1. Advance Care Planning
2. Communicating Bad News
3. Whole Patient Assessment
4. Pain Management
5. Assisted Suicide Debate
6. Anxiety, Delirium
7. Goals of Care
8. Sudden Illness
9. Medical Futility
10. Common Symptoms
11. Withholding Treatment
12. Last Hours of Living
13. Cultural Issues
14. Religion, Spirituality
15. Legal Issues
16. Social and Psychological
Clergy and Faith Communities
Nausea and Vomiting
GE is a 92-year-old seamstress with progressive dementia. Her daughter, who lives with her but works during the day, indicates the patient isn’t sleeping well. The caregiver during the day indicates she spends most of the day in a chair in front of the television, and naps frequently.
Many patients (and their families) complain that they cannot sleep
Usual and current sleep patterns
Do they have difficulty falling asleep or are they waking?
Are they awakened by nightmares?
Are they experiencing early morning awakening or nighttime restlessness?
What do they think about when they are awake?
Are they experiencing day-night reversal of sleep patterns?
What are the associated symptoms (e.g., anxiety, pain, nausea and vomiting, breathlessness, medication effects), psychosocial or spiritual issues, or practical concerns that may be interfering with sleep?
Family and other team members will often be needed to find answers
General Management of Insomnia
- Maintain a regular sleep schedule
- If possible, avoid staying in bed when awake
- Avoid caffeine, including analgesics with caffeine, especially late in the day
- Many patients use alcohol as a soporific or "toddy" at bedtime
- Can cause a paradoxical awakening several hours after falling asleep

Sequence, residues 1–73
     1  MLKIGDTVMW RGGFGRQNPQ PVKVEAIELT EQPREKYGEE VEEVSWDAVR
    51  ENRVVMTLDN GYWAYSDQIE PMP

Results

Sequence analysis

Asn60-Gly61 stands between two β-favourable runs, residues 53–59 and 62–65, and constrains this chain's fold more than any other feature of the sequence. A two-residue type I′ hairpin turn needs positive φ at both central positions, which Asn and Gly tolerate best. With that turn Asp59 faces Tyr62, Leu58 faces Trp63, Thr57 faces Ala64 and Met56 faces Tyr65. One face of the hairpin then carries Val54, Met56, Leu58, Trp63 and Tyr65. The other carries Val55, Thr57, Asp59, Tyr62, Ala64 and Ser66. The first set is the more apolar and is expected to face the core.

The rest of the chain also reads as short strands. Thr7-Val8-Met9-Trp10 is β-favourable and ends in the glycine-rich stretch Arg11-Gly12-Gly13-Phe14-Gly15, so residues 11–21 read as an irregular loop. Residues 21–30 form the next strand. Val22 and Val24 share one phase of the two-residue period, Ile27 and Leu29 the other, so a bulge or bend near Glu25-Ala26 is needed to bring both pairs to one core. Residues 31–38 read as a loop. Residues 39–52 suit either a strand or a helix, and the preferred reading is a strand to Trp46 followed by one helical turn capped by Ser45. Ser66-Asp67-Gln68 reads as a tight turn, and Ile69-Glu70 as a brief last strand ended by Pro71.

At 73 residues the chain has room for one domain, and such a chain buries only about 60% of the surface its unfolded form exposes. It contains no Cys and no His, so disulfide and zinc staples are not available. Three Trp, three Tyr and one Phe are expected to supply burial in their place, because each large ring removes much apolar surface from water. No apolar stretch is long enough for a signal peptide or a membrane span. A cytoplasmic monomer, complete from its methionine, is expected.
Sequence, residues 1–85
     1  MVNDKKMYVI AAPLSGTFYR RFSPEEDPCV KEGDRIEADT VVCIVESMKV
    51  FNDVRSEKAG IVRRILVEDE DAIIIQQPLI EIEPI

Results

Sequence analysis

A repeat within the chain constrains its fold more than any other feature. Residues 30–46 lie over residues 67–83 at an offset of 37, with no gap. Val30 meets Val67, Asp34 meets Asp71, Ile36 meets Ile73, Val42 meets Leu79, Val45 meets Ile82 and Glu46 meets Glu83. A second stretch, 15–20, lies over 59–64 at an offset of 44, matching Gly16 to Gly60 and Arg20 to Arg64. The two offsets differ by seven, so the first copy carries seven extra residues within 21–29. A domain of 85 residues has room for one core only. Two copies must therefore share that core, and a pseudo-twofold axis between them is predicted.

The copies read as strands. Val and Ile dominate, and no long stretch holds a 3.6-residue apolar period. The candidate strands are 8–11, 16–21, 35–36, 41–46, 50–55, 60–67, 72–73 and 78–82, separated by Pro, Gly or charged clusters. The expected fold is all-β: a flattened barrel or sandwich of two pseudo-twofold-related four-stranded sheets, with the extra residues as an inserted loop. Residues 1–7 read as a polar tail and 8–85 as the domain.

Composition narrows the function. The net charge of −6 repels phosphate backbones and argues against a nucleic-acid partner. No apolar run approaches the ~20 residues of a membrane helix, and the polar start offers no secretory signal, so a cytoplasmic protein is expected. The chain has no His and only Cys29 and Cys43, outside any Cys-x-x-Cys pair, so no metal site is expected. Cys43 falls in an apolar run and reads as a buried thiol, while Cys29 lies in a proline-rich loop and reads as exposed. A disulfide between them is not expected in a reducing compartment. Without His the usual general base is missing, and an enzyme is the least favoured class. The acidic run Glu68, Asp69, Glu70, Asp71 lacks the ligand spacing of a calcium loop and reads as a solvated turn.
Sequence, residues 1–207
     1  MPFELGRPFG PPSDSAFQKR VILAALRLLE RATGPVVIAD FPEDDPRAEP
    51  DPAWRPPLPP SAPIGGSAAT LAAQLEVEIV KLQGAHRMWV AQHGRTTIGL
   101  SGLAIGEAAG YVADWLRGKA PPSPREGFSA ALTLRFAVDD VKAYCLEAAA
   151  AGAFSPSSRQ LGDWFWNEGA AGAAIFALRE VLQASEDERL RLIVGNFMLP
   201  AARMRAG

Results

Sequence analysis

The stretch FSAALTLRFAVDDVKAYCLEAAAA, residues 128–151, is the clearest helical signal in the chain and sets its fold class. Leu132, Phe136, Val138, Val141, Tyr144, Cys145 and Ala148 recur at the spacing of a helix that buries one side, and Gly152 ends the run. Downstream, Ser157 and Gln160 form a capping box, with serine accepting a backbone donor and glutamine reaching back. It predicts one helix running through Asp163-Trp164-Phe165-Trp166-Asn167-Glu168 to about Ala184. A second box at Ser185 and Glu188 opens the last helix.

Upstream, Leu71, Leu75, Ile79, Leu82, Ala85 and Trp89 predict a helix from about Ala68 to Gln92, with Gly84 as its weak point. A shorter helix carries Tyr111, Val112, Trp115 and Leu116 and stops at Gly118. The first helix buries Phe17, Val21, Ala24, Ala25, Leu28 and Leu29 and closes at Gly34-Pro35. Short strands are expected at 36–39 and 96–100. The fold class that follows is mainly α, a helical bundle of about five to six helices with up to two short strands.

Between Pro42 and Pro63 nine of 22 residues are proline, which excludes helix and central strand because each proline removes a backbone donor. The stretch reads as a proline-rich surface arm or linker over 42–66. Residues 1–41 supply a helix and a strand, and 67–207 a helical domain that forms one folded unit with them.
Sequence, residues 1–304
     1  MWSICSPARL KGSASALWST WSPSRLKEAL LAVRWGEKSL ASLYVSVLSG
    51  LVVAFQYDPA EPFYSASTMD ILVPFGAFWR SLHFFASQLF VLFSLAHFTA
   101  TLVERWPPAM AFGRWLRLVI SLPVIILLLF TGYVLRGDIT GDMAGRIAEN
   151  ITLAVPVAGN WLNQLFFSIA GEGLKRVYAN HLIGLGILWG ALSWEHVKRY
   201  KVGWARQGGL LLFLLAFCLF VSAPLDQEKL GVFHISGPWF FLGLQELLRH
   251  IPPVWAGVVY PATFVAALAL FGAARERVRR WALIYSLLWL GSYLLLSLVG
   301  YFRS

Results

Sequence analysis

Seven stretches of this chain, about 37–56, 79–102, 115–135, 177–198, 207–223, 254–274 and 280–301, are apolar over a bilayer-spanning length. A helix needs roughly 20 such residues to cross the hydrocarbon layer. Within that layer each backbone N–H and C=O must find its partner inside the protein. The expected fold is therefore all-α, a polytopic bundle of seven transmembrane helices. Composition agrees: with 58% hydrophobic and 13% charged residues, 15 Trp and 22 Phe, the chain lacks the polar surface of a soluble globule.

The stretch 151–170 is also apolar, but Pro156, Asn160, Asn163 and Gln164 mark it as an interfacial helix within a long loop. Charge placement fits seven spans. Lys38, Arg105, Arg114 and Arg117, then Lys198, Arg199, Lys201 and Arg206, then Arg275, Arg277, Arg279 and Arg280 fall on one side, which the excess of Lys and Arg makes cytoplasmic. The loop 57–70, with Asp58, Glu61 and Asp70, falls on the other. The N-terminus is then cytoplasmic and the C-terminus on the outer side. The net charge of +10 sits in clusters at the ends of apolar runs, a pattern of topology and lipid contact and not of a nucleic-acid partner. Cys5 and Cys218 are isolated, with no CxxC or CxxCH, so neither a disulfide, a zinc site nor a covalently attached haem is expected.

Plan for cognitive/physical stimulation during the day
Suggest that the patient avoid overstimulation in the period before going to sleep
Control pain during the night with long-acting medication
Relaxation and imagery interventions may be helpful
Specific Management of Insomnia
Pharmacological measures may be adjuncts to the general measures indicated above
Antihistamines are frequently used
- diphenhydramine 25–50 mg po q hs
- meclizine 25–50 mg po q hs
- However, tolerance may develop quickly, and some patients find the anticholinergic adverse effects troubling
Benzodiazepines (e.g., lorazepam 0.5–2 mg po q hs) are frequently used
However, dementia and delirium may be worsened, particularly in the frail or elderly
Imidazopyridines (e.g., zolpidem 5–10 mg po q hs) may have fewer adverse effects
Neuroleptic medications may be required
- Risperidone or haloperidol 1 mg q hs (less sedating)
- chlorpromazine 10–25 mg q hs (more sedating)
Debilitated and frail patients require careful titration and attention to undesired effects of medications
- Commonly used medications may be associated with excessive daytime sedation
- Trazodone 25 mg po q hs (titrating to up to 200 mg q hs) may be particularly useful in the frail and/or elderly